When the makers of Little Debbie snacks announced plans three years ago to boost their snack production with a plant expansion, McKee Foods picked Virginia over Tennessee for the $34 million addition, in large measure, because of Tennessee's unfavorable method of calculating excise taxes on major manufacturing investments.
McKee expanded in Stuarts Draft, Va., rather than its hometown of Collegedale because the Volunteer State then assessed taxes on manufacturers based on a three-factor combination of the company's property, payroll and sales. Other neighboring states, including Georgia, South Carolina, Mississippi and Virginia, use a single sales factor that exempts state taxes on property and payroll, in favor of taxing only sales, thereby eliminating the tax penalties on local jobs and capital investment.
But the passage by the Tennessee Legislature last month of the IMPROVE Act, pushed by Gov. Bill Haslam, changed the way manufacturers are taxed, and that change proved pivotal in landing a $360 million tire production plant in Dayton, Tenn., on Wednesday.
The Finnish tire maker Nokian Tyres picked Tennessee over a competing offer in Georgia for its new 400-employee plant only after Tennessee lawmakers changed the formula the state uses to tax major manufacturing projects in a manner that should save Nokian several million dollars a year in state excise and franchise taxes.
"After all of the negotiations we had with this company over the past year, it came down the change in the single tax factor being done by a certain deadline and hats off to the governor and the legislative leadership that helped make this happen," said Dennis Tumlin, executive director of the Rhea County Economic and Tourism Council. "This project would not have come to Dayton without the IMPROVE act."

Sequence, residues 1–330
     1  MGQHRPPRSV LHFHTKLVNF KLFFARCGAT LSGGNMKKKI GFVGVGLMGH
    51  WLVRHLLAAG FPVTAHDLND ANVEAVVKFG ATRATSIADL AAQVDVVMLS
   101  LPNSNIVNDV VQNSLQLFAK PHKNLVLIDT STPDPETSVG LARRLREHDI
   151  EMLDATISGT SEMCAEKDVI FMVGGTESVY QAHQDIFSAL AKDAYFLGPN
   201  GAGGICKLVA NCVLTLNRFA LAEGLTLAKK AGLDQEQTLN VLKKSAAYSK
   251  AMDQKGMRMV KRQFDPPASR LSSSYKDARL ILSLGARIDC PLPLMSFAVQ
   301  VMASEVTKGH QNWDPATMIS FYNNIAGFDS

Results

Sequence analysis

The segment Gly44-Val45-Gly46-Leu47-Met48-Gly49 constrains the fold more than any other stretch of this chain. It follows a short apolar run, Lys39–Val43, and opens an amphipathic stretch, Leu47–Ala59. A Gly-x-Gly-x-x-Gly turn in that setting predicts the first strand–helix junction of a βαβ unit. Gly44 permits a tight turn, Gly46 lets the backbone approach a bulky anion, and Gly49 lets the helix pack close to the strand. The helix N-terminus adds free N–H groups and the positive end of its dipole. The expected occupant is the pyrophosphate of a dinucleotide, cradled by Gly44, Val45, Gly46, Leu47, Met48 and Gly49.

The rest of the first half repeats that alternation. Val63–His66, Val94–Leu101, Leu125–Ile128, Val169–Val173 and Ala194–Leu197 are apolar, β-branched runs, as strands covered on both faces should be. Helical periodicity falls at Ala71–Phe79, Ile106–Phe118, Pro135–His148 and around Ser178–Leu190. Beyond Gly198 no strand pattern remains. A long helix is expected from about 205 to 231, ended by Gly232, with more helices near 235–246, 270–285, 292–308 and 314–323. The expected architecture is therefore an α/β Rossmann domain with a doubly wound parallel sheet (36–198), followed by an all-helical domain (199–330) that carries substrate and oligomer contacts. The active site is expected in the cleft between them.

Haslam said the state has "worked hard to create the best possible environment for job creation, and the recent passage of the IMPROVE Act played a critical role in attracting this great company to Tennessee."
Among provisions in the recently passed and signed IMPROVE Act, which raises fuel taxes for the state's highway fund while cutting several general fund taxes, is a reduction in Tennessee corporate franchise and excise taxes for manufacturers. It allows companies to choose to have tax valuations based on a single-sales tax factor rather than paying taxes based on sales, payroll and investment.
Haslam said the new law makes Tennessee more competitive for plant expansions by existing companies and luring new companies here like Nokian.
Bradley Jackson, president of the Tennessee Chamber of Commerce and Industry, said most of Tennessee's neighbors had already adopted the single sales tax factor and Tennessee's former 3-factor tax approach was a disincentive for investment in Tennessee, "leaving many of these high-quality employers to look to other states to grow their operations."
"It is critical that we stay economically competitive to avoid a geographic drain of jobs and private investment," Jackson said.
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